Seriously, who even came up with these?
With so many messages bombarding consumers about low-fat, sugar-free, all natural and organic products, it can be confusing to figure out exactly which foods are most nutritious to eat.
These are all the things you’ve thought wrong about fruits and veggies, food restrictions, and more.
You’ve probably been warned against chopping meat on a wooden cutting board, the argument being that the meat juices will settle into tiny cuts in the board caused by your knife, even after washing. A great deal of research suggest there’s no significant anti-bacterial benefit from using a plastic cutting board over a wooden one – even if bacteria do find their way into the wood, they do not multiply, and gradually die.
NEXT: Sugar makes kids hyper →
Studies have found that sugar does not affect the behaviour or cognition of children. However, eating sugar can cause hyperactive symptoms as sugar quickly absorbs in the blood, leading to an adrenaline-rush effect that looks like hyperactivity. If your child wants a sweetened drink, offer him fruit-infused water – with slices of orange or apple – instead.
NEXT: No eating after 7pm →
Food eaten after 7pm – or whatever magical digit you’ve been quoted – doesn’t magically turn into undissolvable fat. What matters more is your daily activity habits – if you’re inactive all day, your 5pm meal will metabolize into fat just as it would if you were to eat at 10pm. It works, for the most part, only because you’re more likely to reduce your total caloric intake.
NEXT: Dairy is the key to healthy bones →
Well, not entirely. While dairy does contain calcium and vitamin D, which promotes bone health, there are plenty of other sources of calcium, including dark leafy greens; plus, Vitamin K, Magnesium and other nutrients play an important role in healthy bones, too – and these are elements not found in dairy products, but rather, in oatmeal, potatoes and more.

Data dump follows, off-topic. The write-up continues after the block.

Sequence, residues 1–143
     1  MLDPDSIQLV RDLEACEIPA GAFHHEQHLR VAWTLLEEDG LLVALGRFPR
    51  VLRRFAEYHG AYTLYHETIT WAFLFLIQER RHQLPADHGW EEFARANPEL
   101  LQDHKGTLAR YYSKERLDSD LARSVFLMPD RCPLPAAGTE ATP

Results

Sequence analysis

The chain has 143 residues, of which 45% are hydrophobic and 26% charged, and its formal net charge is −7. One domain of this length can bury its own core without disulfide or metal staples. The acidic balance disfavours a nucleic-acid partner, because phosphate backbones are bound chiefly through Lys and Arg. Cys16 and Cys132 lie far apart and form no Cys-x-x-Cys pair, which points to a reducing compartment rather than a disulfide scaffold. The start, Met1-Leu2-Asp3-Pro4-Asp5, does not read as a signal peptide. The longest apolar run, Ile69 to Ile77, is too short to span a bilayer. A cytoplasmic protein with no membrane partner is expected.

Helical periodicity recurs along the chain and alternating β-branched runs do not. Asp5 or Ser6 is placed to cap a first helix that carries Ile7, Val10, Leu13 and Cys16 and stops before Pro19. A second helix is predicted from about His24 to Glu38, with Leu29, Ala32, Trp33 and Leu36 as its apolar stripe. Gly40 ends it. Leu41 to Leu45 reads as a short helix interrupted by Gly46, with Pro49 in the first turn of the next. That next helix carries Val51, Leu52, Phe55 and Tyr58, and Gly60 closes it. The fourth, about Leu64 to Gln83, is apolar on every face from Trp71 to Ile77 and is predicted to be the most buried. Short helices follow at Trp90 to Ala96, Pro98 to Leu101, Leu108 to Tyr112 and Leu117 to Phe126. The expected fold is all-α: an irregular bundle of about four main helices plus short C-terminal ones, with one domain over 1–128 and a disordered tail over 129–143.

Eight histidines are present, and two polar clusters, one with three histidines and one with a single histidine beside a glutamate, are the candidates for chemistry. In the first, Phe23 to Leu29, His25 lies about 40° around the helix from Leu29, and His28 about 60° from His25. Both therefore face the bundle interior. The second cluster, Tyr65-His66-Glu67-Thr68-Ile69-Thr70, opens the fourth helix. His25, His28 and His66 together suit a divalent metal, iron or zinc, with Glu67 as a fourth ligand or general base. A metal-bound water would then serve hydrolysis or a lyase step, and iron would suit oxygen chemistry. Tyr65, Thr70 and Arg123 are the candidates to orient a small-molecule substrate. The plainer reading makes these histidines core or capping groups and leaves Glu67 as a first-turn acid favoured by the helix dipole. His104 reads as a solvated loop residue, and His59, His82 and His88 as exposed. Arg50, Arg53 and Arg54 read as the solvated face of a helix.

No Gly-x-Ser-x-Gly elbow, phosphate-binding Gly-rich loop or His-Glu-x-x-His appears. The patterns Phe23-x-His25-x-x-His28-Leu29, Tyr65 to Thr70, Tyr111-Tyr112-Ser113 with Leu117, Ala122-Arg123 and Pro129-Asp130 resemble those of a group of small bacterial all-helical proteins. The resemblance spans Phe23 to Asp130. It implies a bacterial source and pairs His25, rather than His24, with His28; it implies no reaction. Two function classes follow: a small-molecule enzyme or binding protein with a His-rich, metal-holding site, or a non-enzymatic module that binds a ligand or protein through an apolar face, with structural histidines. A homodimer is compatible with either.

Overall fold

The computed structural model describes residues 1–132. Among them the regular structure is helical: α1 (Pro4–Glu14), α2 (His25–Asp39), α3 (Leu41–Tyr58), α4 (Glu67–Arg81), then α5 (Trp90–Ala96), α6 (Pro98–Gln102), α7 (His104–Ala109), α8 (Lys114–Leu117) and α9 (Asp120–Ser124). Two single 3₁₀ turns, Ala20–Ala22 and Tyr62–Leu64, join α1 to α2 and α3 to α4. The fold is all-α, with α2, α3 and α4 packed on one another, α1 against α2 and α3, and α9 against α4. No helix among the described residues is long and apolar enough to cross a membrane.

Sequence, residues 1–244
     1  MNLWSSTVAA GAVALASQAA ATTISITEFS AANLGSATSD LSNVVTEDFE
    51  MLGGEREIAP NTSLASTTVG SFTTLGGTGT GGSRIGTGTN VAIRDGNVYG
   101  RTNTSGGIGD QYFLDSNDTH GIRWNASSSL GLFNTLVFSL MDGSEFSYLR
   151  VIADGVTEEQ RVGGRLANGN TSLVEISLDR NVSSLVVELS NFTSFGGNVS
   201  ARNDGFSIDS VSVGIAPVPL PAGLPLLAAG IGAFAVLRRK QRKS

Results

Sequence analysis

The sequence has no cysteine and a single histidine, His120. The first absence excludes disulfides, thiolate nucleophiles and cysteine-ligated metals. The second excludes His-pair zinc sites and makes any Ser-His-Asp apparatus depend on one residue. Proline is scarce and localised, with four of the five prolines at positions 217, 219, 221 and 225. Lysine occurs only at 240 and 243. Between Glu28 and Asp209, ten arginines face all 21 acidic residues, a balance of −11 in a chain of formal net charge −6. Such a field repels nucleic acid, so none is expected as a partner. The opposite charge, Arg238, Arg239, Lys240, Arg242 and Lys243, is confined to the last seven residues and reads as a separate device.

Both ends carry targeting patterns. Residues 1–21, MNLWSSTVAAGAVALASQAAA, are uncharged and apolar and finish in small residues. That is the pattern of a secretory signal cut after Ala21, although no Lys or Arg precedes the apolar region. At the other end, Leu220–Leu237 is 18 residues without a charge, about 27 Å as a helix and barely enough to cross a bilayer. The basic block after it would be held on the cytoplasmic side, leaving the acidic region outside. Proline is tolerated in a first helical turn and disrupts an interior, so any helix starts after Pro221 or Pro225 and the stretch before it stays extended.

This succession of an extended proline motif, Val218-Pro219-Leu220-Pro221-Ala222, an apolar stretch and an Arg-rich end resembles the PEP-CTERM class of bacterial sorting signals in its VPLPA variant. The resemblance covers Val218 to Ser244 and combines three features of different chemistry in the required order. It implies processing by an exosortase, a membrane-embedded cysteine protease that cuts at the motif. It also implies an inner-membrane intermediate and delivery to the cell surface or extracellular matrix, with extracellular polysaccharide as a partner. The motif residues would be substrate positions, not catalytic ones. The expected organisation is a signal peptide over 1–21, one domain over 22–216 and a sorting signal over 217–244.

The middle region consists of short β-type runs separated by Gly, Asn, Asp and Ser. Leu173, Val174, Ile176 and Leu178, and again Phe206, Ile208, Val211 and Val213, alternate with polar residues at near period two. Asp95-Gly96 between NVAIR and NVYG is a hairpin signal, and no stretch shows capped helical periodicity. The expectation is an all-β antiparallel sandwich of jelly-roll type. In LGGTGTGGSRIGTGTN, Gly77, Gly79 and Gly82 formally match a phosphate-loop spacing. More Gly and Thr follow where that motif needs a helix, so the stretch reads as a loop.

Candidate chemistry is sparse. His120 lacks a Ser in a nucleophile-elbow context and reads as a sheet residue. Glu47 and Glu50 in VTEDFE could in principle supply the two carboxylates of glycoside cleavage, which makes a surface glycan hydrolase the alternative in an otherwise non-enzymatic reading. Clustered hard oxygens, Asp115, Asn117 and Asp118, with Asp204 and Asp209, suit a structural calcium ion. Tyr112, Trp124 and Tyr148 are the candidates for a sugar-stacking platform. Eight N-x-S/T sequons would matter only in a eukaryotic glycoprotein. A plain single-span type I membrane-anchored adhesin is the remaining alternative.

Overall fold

NEXT: Snacking between meals is bad →
Snacks can play an important role in a child’s diet – and even yours – as long as nutrient-dense options are provided. Examples of healthier snacks: yoghurt with fruits, cheese and whole grain crackers and vegetable sticks with a small amount of dip such as nut butter or hummus. Such snacks can satisfy hunger pangs and prevent a child from overeating at the next meal.
NEXT: Fruits are just as good as vegetables →
Both fruits and vegetables should be consumed daily without one replacing the other as they are two different groups that offer a unique combination of nutrients and phytochemicals. For instance, vegetables in general are higher in iron, folate and dietary fibre. Fruits are generally higher in vitamin C and usually eaten raw, which helps to retain the nutritional value of heat-sensitive vitamin C.
NEXT: Drink 8 glasses of water a day →
You naturally consume H20 in fruits, vegetables, meats and other beverages during the day; plus, hydration needs vary from person to person. While there isn’t a specific recommended number of cups, water is, of course, still the “best thing to drink”, says Aaron E. Carroll, US-based Professor of Paediatrics.
NEXT: Fat is bad →
Fat is an essential nutrient that provides energy and helps absorb, transport and store vitamins in the body. Choose unsaturated fats (omega-3 and omega-6 fatty acids), which are found in oily fish, nuts, seeds, and vegetable plant-based oils. For children under 2 in particular, fat restriction, including reduced- or low-fat milk, is not recommended, as they need more energy to fuel growth.
NEXT: Plastic chopping boards are better than wooden ones →
From The Finder (Issue 281), April 2017
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